Annie Evans, ASTHO’s Director of Preparedness and Disability Integration, discusses the results of an 18-month project that placed disability and preparedness specialists in jurisdictions across the states and territories; John Clymer with the...
Annie Evans, ASTHO’s Director of Preparedness and Disability Integration, discusses the results of an 18-month project that placed disability and preparedness specialists in jurisdictions across the states and territories; John Clymer with the Community Preventive Services Task Force discusses the group's latest report to Congress; Dr. Amy Ladley, the State Perinatal Quality Program Manager for the Bureau of Family Health in Louisiana, says most birthing hospitals in the state are supporting new initiatives to help pregnant and postpartum people struggling with opioid use; and ASTHO’s Health Equity Summit 2022 is next Wednesday, July 27th.
ASTHO Webpage: Disability Inclusion
The Community Guide Webpage: 2021 Annual Report to Congress
ASTHO Health Equity Summit Registration
This is Public Health Review Morning Edition for Thursday, July 21st, 2022. I'm Robert Johnson.
Now, today's news from the Association of State and Territorial Health Officials.
First, people living with disabilities are present in every community around the country, so it's really critical to include them in all public health programs because they will be touched by all public health programs.
That's the voice of Annie Evans, ASTHO's director of preparedness and disability integration. She's in Atlanta this week for a national meeting of county and city health officials talking about the results of ASTHO's 18 month project that placed disability and preparedness specialists in jurisdictions across the states and territories. The project is ending, but Evans wants agencies to continue the work.
So, I think it'd be really helpful to have somebody specifically appointed to do this work, and it could even be particularly helpful to appoint somebody in their emergency operation center during emergency situations. We also really want to encourage people to work across government agencies, across levels of government, and in partnership with the disability inclusion specialists to make sure that people with disabilities are served in all public health programs.
The ASTHO initiative was funded by the CDC. Evans says 16 states, two territories, and 10 local health departments were involved. Read more using the links in the show notes.
The Community Preventive Services Task Force is out with its latest report to Congress. John Clymer chairs the committee that wrote the 2021 report offering findings and recommendations to improve population health.
Yes, a go-to source for public private and non-governmental decision-makers who need to know or want to know how they can improve health in populations, whether it's a workforce or a community or a state, and what's been proven to work so that when they are determining how to best use resources to move the needle on health, they know what the go-to bets are.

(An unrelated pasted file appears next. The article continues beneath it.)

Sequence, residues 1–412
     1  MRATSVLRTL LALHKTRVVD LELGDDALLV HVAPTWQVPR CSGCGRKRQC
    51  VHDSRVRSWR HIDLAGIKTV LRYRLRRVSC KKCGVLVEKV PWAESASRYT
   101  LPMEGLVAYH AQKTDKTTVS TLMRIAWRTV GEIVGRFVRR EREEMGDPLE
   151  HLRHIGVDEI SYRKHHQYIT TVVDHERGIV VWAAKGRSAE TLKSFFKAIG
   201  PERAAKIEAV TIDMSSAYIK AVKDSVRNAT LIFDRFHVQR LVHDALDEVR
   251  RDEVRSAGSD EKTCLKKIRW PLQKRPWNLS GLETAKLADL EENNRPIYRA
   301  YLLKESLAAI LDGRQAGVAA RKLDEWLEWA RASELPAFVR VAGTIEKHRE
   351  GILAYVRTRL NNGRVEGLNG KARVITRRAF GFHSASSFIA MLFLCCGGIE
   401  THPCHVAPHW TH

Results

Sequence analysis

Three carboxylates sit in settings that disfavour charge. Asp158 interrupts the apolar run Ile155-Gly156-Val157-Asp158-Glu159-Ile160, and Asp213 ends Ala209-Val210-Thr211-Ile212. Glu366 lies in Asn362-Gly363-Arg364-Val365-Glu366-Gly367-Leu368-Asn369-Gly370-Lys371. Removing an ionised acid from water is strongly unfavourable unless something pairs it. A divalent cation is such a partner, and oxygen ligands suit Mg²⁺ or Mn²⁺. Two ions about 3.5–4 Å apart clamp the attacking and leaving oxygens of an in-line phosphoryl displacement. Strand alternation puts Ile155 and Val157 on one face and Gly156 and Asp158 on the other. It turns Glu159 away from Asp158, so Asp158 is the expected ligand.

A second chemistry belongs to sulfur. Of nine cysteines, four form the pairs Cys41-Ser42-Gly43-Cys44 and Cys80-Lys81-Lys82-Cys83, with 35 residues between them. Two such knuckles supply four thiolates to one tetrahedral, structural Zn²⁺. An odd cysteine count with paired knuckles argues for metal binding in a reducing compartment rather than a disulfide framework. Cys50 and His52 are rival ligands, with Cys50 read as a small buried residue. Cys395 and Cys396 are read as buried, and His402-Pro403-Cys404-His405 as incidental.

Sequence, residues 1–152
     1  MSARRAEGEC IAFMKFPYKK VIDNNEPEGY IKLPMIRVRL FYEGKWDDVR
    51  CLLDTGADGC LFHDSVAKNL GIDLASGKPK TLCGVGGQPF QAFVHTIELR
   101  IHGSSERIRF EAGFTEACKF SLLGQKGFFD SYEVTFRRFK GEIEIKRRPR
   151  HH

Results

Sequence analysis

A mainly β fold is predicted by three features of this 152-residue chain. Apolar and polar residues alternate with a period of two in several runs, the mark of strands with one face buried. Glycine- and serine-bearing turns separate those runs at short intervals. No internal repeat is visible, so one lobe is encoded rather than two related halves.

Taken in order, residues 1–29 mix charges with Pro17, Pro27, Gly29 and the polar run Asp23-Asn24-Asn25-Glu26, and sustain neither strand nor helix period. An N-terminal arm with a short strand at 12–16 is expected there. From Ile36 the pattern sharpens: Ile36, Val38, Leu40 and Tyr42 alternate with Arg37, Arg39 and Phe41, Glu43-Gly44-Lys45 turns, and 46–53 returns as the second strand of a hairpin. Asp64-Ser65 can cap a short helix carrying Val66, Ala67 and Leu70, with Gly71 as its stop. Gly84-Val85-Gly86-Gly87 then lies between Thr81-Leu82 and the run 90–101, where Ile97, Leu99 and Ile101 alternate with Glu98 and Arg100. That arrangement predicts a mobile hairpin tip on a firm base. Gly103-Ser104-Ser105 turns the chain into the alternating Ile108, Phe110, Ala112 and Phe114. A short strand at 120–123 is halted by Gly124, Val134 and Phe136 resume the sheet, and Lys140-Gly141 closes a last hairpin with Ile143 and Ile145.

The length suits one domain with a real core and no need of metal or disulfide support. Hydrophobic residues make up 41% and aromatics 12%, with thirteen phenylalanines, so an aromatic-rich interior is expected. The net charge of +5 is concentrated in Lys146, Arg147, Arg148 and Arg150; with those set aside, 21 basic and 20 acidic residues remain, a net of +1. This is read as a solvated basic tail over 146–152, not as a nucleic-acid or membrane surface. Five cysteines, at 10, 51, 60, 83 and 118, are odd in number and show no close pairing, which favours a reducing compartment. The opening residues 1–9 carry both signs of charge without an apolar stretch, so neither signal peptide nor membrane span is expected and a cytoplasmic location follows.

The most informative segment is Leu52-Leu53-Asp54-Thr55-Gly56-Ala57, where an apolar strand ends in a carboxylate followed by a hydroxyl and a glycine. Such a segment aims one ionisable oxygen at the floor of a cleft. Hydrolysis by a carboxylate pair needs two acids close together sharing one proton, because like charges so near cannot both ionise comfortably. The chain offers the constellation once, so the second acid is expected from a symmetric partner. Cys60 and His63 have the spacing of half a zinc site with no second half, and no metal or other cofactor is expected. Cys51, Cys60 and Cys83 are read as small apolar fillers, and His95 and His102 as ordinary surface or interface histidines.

Clymer says the report also outlines recommendations to address children's mental health.
So, there's a lot of great information here that will help not only health departments but also collaborators, such as schools and educators and healthcare providers, to collectively support and protect children's mental health. So, they're proven therapies, strategies, programs that help children solve problems, regulate emotions, and establish helpful thought and behavior which can lead to improve mental health and wellbeing.
Get the report using the link in the show notes.
Also this morning, Louisiana's perinatal quality collaborative is less than a year old, but already it's making progress on a plan to help pregnant and postpartum people who struggle with opioid use.
Dr. Amy Ladley manages the work.
We have four initiatives within the LaPQC, and there are 49 birthing hospitals in the state of Louisiana. And 47 of them are participating in at least one initiative of the LaPQC, so that means that at least one of our quality improvement activities touches about 98% of deliveries in Louisiana. And I think that the majority of our hospitals, there's no mandate for participation at the moment. So, I would like to think that they are staying with us because of the support that we offer and the relationships that we've built.
You can hear more about the collaborative from Ladley and Louisiana state health officer Dr. Joseph Kanter in a new episode of the Public Health Review podcast, coming soon everywhere you stream audio.
Finally today, don't forget to sign up for ASTHO's Health Equity Summit 2022. It's next Wednesday, July 27th. Learn more about the program and register for the online event using the link in the show notes.
That'll do it for today's newscast. We are back tomorrow morning with more ASTHO news and information.
I'm Robert Johnson. You're listening to Public Health Review Morning Edition. Have a great day.
State Perinatal Quality Program Manager, Bureau of Family Health, Office of Public Health, Louisiana Department of Health